National quality management systems can improve clinical results
Contact: Kristal Griffith
IASLC Director of Communications
EMBARGOED: Oct. 28, 2013 12:15 p.m.
Latest research presented at 15th World Conference on Lung Cancer
SYDNEY – In order to improve prognosis and quality of lung cancer care the Danish Lung Cancer Group has developed a strategy consisting of national clinical guidelines and a clinical quality and research database. In 1998 the first edition of guidelines was published and a registry was opened for registrations in the year 2000. This abstract describes the methods used and the result obtained through the collaborative work and discusses how to improve the quality of lung cancer care through the development and monitoring of indicators.
Researchers registered all lung cancer patients since the year 2000. More than 40,000 patients have been included in the database. Results are reported periodically and submitted to formal auditing on an annual basis.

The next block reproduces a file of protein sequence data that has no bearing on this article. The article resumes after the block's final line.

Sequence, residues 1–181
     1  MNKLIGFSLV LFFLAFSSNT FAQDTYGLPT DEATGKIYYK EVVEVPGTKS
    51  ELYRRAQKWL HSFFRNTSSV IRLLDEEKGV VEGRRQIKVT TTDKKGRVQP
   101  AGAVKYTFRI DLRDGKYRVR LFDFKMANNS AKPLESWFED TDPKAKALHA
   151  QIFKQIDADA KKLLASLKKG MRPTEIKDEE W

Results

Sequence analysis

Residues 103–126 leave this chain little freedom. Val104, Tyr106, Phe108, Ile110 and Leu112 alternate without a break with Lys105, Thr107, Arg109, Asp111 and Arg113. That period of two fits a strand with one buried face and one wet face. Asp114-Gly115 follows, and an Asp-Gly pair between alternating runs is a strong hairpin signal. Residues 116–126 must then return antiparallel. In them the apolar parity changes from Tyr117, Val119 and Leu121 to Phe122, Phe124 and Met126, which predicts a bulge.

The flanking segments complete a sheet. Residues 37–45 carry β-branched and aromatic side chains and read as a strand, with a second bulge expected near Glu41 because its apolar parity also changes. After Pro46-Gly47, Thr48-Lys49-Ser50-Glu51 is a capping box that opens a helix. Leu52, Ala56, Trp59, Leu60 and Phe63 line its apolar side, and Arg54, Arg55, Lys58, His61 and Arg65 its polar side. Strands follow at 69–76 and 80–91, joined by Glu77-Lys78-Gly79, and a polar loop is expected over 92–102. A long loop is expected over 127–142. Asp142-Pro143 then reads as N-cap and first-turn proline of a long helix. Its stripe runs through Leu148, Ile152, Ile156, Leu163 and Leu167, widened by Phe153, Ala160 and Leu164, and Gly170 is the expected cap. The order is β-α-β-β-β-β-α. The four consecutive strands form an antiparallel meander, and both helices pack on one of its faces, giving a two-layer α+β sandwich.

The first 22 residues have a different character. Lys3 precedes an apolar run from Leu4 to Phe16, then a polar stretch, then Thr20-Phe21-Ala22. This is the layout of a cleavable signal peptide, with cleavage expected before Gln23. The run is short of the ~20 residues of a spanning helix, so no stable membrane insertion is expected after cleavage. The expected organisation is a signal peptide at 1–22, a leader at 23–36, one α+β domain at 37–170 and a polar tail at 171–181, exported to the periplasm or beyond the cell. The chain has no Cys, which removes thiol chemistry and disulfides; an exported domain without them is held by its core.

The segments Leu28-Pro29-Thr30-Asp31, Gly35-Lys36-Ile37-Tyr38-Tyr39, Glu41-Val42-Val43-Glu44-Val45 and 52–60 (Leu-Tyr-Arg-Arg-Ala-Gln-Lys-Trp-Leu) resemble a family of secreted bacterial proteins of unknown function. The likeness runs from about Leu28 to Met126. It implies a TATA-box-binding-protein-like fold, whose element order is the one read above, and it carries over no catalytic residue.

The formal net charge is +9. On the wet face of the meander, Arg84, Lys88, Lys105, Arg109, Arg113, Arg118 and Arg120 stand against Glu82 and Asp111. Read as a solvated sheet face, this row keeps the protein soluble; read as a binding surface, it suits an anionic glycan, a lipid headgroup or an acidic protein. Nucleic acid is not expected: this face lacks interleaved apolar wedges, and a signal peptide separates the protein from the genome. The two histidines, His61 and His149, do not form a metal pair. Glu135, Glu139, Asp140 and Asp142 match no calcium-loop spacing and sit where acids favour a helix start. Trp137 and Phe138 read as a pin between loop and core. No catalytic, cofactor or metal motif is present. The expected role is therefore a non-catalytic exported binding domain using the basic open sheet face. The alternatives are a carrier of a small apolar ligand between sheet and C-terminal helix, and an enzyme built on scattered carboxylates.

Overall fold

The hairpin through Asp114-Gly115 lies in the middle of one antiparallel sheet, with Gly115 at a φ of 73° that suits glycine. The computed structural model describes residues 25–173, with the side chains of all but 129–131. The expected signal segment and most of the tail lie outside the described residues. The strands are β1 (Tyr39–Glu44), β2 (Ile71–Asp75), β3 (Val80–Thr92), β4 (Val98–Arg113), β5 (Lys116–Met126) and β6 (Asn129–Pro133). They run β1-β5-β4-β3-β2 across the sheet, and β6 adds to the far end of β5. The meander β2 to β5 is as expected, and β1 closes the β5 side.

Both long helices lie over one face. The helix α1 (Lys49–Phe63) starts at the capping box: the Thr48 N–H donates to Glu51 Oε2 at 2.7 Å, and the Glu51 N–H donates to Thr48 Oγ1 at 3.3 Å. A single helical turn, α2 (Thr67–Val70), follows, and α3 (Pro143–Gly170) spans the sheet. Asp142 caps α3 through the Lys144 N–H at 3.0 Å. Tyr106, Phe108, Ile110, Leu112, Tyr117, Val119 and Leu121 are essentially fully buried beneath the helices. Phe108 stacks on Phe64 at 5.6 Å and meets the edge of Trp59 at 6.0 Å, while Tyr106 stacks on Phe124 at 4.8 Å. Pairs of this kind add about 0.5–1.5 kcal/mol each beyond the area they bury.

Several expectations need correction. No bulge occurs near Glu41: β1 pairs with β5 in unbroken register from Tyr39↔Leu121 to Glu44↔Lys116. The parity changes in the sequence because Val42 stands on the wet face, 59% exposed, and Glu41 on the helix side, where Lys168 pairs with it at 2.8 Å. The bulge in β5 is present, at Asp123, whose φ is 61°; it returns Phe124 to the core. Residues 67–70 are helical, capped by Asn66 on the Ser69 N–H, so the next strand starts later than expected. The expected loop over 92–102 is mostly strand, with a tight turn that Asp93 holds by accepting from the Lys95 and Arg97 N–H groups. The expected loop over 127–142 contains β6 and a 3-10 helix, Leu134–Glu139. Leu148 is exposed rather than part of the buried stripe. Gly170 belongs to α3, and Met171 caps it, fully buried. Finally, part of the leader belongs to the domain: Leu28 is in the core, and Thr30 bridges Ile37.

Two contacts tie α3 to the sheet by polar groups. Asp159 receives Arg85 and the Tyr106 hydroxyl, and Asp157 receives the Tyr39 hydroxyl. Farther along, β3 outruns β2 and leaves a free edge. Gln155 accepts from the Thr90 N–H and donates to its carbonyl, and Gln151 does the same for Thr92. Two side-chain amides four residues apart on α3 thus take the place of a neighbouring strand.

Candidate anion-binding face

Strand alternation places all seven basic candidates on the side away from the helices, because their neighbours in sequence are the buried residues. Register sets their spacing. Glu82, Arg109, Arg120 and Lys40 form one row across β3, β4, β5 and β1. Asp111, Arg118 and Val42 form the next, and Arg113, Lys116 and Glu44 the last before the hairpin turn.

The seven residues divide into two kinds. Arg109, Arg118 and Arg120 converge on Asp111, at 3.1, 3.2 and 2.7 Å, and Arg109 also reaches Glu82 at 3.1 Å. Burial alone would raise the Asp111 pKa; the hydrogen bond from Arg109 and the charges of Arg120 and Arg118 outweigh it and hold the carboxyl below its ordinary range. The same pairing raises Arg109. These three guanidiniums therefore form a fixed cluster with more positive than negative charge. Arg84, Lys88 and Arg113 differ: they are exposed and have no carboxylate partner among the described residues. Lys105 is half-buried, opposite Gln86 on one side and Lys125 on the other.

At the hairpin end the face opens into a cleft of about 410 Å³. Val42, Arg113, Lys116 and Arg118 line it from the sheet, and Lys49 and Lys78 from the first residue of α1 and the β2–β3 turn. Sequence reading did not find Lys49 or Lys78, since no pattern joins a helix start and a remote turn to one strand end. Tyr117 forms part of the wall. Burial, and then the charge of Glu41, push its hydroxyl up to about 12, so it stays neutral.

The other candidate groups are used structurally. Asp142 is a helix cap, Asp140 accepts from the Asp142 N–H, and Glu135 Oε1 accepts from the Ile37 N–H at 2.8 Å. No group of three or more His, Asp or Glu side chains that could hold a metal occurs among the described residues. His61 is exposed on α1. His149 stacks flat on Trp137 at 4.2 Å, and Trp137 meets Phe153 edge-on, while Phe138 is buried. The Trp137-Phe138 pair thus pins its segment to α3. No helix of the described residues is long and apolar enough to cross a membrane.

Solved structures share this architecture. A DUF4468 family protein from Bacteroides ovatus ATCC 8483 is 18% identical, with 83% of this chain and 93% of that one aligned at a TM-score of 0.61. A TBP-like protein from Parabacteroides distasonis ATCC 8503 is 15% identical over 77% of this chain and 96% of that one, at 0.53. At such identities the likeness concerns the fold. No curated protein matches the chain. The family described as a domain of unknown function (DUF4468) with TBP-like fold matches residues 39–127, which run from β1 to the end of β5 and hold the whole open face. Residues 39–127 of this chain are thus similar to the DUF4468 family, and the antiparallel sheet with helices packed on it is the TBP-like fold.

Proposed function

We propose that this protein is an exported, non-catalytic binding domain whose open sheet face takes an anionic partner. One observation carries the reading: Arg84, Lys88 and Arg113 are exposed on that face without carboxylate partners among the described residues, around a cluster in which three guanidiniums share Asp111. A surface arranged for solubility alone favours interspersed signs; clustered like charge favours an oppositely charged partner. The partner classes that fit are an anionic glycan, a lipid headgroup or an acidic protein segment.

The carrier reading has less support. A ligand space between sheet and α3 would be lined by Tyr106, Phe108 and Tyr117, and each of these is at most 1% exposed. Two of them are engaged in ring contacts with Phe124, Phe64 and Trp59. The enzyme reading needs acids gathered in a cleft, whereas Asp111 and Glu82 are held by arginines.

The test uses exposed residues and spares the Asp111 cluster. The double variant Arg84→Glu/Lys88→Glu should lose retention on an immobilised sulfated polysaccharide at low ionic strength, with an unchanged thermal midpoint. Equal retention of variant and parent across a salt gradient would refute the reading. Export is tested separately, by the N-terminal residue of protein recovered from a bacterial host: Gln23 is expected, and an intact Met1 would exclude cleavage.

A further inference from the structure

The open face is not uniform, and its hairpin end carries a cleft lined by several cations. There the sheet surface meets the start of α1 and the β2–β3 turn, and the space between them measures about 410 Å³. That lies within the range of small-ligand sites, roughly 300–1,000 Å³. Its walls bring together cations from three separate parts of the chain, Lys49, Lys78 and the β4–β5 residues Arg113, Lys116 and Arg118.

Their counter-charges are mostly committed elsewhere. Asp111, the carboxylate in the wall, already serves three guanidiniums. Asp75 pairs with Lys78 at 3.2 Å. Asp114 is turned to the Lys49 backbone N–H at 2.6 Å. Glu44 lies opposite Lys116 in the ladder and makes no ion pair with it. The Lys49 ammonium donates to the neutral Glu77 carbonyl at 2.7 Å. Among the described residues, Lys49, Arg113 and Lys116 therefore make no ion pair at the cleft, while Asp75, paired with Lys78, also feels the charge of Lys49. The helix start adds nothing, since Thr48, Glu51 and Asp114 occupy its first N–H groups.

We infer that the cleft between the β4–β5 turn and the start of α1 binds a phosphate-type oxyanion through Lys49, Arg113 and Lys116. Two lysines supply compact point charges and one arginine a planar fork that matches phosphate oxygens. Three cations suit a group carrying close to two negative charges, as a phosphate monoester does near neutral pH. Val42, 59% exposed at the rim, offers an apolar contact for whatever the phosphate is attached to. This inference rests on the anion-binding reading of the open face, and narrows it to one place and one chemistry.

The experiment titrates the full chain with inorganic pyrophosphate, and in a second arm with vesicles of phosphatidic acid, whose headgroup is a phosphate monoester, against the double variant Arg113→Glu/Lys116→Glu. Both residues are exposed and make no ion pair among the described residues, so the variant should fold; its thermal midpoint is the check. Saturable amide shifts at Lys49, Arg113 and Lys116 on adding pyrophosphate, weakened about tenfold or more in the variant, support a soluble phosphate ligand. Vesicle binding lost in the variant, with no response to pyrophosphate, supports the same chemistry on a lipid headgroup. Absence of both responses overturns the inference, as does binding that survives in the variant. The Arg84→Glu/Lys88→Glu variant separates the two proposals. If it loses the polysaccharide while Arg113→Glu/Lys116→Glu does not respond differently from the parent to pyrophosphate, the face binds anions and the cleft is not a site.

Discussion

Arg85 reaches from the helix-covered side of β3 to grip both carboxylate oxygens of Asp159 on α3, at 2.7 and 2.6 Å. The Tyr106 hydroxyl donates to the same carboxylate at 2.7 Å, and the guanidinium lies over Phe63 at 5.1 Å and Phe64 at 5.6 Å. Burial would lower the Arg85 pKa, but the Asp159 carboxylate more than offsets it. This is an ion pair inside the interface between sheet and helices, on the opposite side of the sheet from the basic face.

The Danish experience shows that a national quality management system including national guidelines, a database with a high degree of data quality, frequent reports, audit and commitment from all stakeholders can contribute to improve clinical practice, improve core results and reduce regional and/or geographic differences.
The research will be presented at the International Association for the Study of Lung Cancer’s 15th World Conference on Lung Cancer (WCLC) Oct. 27-30, 2013 in Sydney, Australia. Dr. Erik Jakobsen, chief surgeon at Odense University Hospital in Denmark will present his research Mon. Oct 28 at 10:30 am in Bayside 104.
About the 15th WCLC:
The World Conference on Lung Cancer (WCLC) is the world’s largest meeting dedicated to lung cancer and other thoracic malignancies. The 2013 theme is “Next-Generation Lung Cancer Care.” More than 4,000 delegates are expected to come from more than 100 countries to discuss the latest developments in thoracic malignancy research. Attendees include surgeons, medical oncologists, radiation oncologists, pulmonologists, radiologists, pathologists, epidemiologists, basic research scientists, nurses and allied health professionals and patients.
About the IASLC:
The International Association for the Study of Lung Cancer (IASLC) is the only global organization dedicated to the study of lung cancer. Founded in 1974, the association’s membership includes more than 3,500 lung cancer specialists in 80 countries. To learn more about IASLC please visit www.iaslc.org.